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Erik Ejlskov Jensen is a .NET Data Developer, and SQL Server Compact MVP. He is also the author of a number of tools for SQL Server Compact. He has been working in IT for too many years, and enjoy blogging (http://erikej.blogspot.com) and tweeting (@ErikEJ) Data Development related news and tips. Erik Ejlskov is a DZone MVB and is not an employee of DZone and has posted 58 posts at DZone. You can read more from them at their website. View Full User Profile

Getting Started With SQLite In Windows Store / WinRT Apps

08.22.2012
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In this blog post I will expand the blog post by Tim Heuer  to include information on how to include and access a pre-populated SQLite database file, maybe even a file created by migrating from a SQL Server Compact database file, as I blogged about recently.

First, download the "SQLite for Windows Runtime" Extension via Tools/Extensions and Updates/Online. Restart Visual Studio.

Then add references to the SQLite and C++ extensions as described by Tim Heuer. Remember to change the Build Configuration to either x64 or x86 in Configuration Manager.

Now add the sqlite-net nuget package to the project, from the References node, select "Manage NuGet Packages" and search online for "sqlite-net":

clip_image002

This will add SQLite.cs and SQLiteAsync.cs to your project.

Now add the SQLite database file to your project as Content:

+clip_image003

If you want the database file to be writeable, you will have to copy it to your local appdata folder. Keep in mind, that when your app is uninstalled, the file will be removed.

You can use code like the following to ensure that the file has been copied:

private string dbName = "chinook.db";
private async void LoadData()
{
    await CreateIfNotExists(dbName);
}

private async Task CreateIfNotExists(string dbName)
{
    if (await GetIfFileExistsAsync(dbName) == null)
    {
        StorageFile seedFile = await StorageFile.GetFileFromPathAsync(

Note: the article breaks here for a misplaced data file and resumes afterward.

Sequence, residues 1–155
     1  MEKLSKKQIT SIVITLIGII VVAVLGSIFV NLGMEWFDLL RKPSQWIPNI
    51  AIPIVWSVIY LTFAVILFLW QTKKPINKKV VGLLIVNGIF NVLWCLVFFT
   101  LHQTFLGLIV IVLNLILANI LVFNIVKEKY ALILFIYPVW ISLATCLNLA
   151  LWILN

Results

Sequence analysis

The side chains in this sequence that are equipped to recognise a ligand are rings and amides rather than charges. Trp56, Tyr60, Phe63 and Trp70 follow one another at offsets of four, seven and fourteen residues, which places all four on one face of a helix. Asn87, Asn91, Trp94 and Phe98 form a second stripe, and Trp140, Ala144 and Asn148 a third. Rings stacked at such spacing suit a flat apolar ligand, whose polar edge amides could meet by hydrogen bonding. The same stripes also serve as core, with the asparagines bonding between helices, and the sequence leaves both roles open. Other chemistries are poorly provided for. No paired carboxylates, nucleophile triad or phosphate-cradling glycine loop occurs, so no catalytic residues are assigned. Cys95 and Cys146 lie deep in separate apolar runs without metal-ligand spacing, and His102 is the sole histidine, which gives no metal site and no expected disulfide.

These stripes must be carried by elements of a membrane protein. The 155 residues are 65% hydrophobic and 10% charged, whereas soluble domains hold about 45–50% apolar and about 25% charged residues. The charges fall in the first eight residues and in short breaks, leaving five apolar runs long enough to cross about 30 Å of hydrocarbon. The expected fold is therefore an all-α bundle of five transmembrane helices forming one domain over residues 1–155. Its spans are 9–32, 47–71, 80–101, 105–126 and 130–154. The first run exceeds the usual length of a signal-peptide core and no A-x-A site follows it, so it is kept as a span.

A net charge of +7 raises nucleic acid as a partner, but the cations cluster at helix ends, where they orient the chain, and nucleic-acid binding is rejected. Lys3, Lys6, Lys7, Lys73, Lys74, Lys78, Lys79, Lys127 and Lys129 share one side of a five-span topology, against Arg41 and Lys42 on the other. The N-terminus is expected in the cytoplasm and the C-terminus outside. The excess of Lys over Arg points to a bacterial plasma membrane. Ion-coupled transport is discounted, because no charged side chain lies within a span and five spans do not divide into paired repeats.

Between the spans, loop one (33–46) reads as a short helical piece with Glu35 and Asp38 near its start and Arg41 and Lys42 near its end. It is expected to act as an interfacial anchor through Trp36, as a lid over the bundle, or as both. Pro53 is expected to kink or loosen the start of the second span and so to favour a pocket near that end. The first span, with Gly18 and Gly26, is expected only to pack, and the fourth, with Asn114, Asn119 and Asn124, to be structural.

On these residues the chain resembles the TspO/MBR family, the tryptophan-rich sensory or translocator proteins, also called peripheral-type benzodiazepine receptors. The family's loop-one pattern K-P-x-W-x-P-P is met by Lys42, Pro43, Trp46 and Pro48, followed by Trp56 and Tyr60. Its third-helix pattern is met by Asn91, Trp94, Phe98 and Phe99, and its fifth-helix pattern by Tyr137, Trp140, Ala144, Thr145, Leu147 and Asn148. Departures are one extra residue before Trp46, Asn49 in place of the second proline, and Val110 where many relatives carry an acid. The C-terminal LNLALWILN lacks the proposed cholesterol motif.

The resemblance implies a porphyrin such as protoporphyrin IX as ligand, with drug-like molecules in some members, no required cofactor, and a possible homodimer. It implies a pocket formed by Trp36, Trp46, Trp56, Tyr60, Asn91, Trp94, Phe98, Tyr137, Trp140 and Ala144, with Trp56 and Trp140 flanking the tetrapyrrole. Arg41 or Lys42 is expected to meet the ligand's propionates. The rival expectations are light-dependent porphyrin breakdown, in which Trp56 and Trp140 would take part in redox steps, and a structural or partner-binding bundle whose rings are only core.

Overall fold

Path.Combine(Windows.ApplicationModel.Package.Current.InstalledLocation.Path,
        dbName));
        await seedFile.CopyAsync(Windows.Storage.ApplicationData.Current.LocalFolder);
    }
}

private async Task<StorageFile> GetIfFileExistsAsync(string key)
{
    try
    {
        return await ApplicationData.Current.LocalFolder.GetFileAsync(key);
    }
    catch (FileNotFoundException) { return default(StorageFile); }
}

And code like this to access data (see the sqlit-net site for more samples) https://github.com/praeclarum/sqlite-net

protected override void OnNavigatedTo(NavigationEventArgs e)
{
    var dbPath = Path.Combine(Windows.Storage.ApplicationData.Current.LocalFolder.Path, dbName);
    using (var db = new SQLite.SQLiteConnection(dbPath))
    {
        var list = db.Table<Artist>().OrderBy(a => a.Name).ToList();
    }
}

//This would reside in another file or even project
public class Artist
{
    [SQLite.PrimaryKey, SQLite.AutoIncrement]
    public int ArtistID { get; set; }
    public string Name { get; set; }
}

public class Album
{
    [SQLite.PrimaryKey, SQLite.AutoIncrement]
    public int AlbumID { get; set; }
    public string Name { get; set; }
    public int ArtistID { get; set; }
}

clip_image004 

Hope this will be able to get you started using SQLite with your Windows Store app.

You can download the complete sample with a database file from this link (all code above is in MainPage.xaml.cs): http://sdrv.ms/Pd1xeL 

Published at DZone with permission of Erik Ejlskov Jensen, author and DZone MVB. (source)

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